Time again to ramble on about a three brews I’ve tried lately.
We’ll start with Hopzeit from Deschutes, which they describe as an Autumn IPA as it’s basically a cross between a Marzen and an IPA. I first tried this at the original Deschutes brewpub in Bend, OR and was a bit underwhelmed. It came across more as an interesting and not entirely successful brewing experiment. The hops seemed a little harsh, overwhelming the restrained, underlying Marzen, with the flavors clashing more than harmonizing. But I decided to give this one a second chance when I saw a six-pack of it at my local grocery store and that turned out to be a wise decision. Maybe the extra time in the bottle allowed the hops to mellow down to the right level, as the light sweet caramel maltyness and the citrussy orange hops with a touch of resin were far better balanced and harmonizing than the brewpub version. Kudos to Deschutes for crafting an IPA which truly tastes like fall, at least when it’s in the bottle.
Next up, Mammoth Brewing Company Double Nut Brown Porter. The annual family trip to Yosemite National Park is a time when we can all appreciate the surreal beauty John Muir popularized over a century ago and it’s also the time to snag my annual fix of Mammoth brews. Porter is one of my favorite styles that’s becoming an endangered species in the beer world. This one quickly jumped towards the top of my porter list with its complex coffee flavors which yield to more pecan nuttiness as the brew warms. It’s very roasty, almost but not quite to the point of near ashyness, with virtually no sweetness to let all its great complexity shine through.
Finally, we get a beer with one of the most unappetizing names ever. I’m talking about CHUM Dry Hopped Red Ale from Gordon Biersch, a tribute of sorts to the San Jose Sharks with which Gordon-Biersch has maintained a long partnership. Thankfully, it tastes a lot better than its name. There’s plenty of the toffee thing going on, with juicy, fruity esters suggesting apricot, and a soft earthy finish. It’s really well done, one of those beers that’s either very drinkable if that’s all you want, or one to ponder deeply into all of it’s flavor complexity if that’s what you in the mood for. A lot more than you’d normally expect from a sports tie-in beer.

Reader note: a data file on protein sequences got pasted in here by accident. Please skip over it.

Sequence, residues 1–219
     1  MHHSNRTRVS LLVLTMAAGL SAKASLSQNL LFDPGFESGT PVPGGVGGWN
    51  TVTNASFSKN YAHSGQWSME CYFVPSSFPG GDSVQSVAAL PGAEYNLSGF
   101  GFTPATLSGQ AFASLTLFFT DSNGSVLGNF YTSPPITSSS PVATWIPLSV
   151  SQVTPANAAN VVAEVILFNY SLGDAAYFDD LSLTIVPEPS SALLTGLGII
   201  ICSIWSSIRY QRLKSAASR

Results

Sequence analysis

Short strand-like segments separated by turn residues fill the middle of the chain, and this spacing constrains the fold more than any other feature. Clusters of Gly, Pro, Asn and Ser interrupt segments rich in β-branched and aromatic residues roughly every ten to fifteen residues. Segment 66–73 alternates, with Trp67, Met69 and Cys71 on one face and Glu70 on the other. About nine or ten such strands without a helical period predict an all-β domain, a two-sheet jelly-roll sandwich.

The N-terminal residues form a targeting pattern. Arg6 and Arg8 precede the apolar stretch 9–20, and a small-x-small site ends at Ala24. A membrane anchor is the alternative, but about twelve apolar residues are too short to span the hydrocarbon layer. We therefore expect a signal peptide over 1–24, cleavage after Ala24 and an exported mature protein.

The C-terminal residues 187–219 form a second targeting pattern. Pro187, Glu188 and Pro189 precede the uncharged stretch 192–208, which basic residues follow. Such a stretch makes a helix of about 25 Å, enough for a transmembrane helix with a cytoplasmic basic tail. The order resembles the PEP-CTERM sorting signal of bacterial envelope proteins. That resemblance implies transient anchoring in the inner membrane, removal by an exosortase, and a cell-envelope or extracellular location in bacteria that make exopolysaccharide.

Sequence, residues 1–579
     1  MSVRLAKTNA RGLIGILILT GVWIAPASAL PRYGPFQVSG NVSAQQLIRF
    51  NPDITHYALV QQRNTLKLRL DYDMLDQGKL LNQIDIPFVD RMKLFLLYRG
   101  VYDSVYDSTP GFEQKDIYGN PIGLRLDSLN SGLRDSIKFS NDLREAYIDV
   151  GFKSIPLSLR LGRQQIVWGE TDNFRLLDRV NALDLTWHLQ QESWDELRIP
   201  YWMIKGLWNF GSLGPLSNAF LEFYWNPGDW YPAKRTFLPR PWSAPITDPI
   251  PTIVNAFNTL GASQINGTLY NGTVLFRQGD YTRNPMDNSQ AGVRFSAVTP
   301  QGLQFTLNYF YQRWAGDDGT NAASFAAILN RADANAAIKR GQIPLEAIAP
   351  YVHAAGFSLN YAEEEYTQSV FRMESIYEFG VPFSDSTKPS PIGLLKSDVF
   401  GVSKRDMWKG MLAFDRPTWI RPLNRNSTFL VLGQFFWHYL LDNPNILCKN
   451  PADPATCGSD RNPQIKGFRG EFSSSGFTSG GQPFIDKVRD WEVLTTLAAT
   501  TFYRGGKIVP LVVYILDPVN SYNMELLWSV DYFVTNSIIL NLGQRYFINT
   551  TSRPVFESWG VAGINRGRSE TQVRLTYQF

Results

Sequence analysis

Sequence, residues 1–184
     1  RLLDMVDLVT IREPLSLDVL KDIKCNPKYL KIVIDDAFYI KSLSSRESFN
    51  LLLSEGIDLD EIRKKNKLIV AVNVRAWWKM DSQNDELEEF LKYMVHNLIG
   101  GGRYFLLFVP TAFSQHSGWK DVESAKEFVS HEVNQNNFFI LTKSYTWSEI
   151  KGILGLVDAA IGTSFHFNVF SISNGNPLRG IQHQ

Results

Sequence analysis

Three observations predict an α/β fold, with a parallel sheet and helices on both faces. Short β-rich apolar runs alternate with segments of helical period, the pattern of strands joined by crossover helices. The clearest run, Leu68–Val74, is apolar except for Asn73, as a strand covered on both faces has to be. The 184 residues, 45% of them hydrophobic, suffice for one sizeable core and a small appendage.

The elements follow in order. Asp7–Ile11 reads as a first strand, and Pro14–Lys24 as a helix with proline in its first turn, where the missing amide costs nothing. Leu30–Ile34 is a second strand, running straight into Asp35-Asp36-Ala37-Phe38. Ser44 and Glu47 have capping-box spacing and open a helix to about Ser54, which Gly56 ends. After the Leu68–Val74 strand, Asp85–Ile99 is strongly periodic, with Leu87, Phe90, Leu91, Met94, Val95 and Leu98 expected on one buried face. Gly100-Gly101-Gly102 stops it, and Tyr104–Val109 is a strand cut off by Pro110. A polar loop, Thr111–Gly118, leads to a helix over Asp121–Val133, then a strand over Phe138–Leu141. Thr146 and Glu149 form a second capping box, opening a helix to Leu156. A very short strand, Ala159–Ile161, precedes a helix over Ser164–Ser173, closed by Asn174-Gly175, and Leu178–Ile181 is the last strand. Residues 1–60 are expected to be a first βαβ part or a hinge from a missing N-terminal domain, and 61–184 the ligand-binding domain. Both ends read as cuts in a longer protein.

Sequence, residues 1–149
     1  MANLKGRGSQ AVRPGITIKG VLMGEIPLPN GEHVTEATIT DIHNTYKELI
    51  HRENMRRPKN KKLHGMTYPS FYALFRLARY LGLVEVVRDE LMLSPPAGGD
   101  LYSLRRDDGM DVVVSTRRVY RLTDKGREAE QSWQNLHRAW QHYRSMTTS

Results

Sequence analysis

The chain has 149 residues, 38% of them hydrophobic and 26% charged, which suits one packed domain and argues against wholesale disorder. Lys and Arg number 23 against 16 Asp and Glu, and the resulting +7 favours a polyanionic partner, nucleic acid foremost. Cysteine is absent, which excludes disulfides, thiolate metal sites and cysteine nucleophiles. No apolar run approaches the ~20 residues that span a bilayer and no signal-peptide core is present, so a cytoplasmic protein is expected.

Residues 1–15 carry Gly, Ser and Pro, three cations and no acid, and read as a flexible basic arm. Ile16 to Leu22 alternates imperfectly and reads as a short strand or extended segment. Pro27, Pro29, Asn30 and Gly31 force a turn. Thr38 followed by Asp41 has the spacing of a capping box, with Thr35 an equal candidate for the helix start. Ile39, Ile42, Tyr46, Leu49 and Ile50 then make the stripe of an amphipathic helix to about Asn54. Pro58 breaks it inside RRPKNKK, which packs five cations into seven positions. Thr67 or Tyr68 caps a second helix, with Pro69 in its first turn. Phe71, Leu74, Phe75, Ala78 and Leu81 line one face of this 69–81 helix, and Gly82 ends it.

But be careful, chum has led people into perilous situations.
Time once again to review some of the more intriguing brews which crossed my path.
First up, Wild Sierra Farmhouse Saison from Mammoth Brewing Company. Our family’s fall annual camping trip to Yosemite is not complete with picking up a few Mammoth brews at the Yosemite Valley store, since in and around Yosemite National Park is the only place you can find Mammoth’s beers. In this one, the fruity esters with plenty of apricot character blend well with the moderately toasty malt. Mammoth Brewing adds local pine needles to the brew, literally injecting the piney breezes of Yosemite into the mix, creating a clean freshness in the brew to bring it all together. Be forewarned, packs a bit of a punch for the style at 7.5% abv, yet I found it wondrously stimulating and refreshing sipping this on my front porch.
For our next beer, we turn to the dark side. It’s Ninkasi’s Noir Milk Stout with Coffee, part of Ninkasi’s Special Release series which the brewery sent over for a sample. Upon first sip, I detected the usual rich, creamy, and roasty characteristics of this style. But as the beer warmed and the flavors opened up, dark under currents began to emerge. Buried deep beneath the strong dark chocolate and coffee flavors, came the faint sounds of hops, scratching and clawing to break free. This is no easy sipper, it’s a compelling conflict in a glass as the characters struggle for flavor dominance in the darkness. An arresting experience.
Finally, beer karma compels me to write some nice things about Cucapa Cerveza since they apparently sent me some of their beers to sample. I say “apparently” because one day coming home from work, I find this big box on my porch and inside are 20 bottles of their different beers. No one wrote me from the brewery ahead of time asking me to try a sample, nor was there any letter in the box. For the most part, I enjoyed all the different beers from this Mexican brewery, which all had their own soft earthy quality to them. Of the bunch, I found their Runaway IPA highly exotic in its unabashed malt-forwardness. You can tell it’s an IPA with its noticeable floral, earthy bitterness poking through the slightly sweet malt background. Maybe that’s just the way they do IPA’s south of the border, but I really appreciated how they resisted the temptation to smack you in the face with a bunch of hops like only 27 zillion other IPA’s do. Refreshing in both its restraint and soft edges, while it’s not mind blowing, this IPA’s may well force you rethink the possibilities of the style.
Last month during a trip to Yosemite National Park, I discovered a few brews from Mammoth Brewing, and brought a few home. Mammoth Lakes does not seem to distribute into the San Francisco Bay area, so I’m glad had a few to enjoy over the past month. You can read about a few of their beers on a post from last month, and wanted to add a couple more to list of their beers worth seeking out.
Hair of the Bear Doppel Bock
Tastes like liquid banana bread! Plenty of banana-like fruity esters, lots of roasted malt and maybe a slight taste of bitter chocolate in their. Feather like quality on the tongue and finishes very smoothly. The 9% abv isn’t noticeable with all those great flavors blended together.
395 Double IPA
Named after the highway through the Eastern Sierras, Mammoth Brewing uses local grown hops, dessert sage, and mountain juniper to create a unique, very savory, slightly earthy and somewhat herbal double IPA. There’s a good dose of slightly toasty malt to balance all the hop and herbal goodness. I just found this to be a very creative and memorable brew.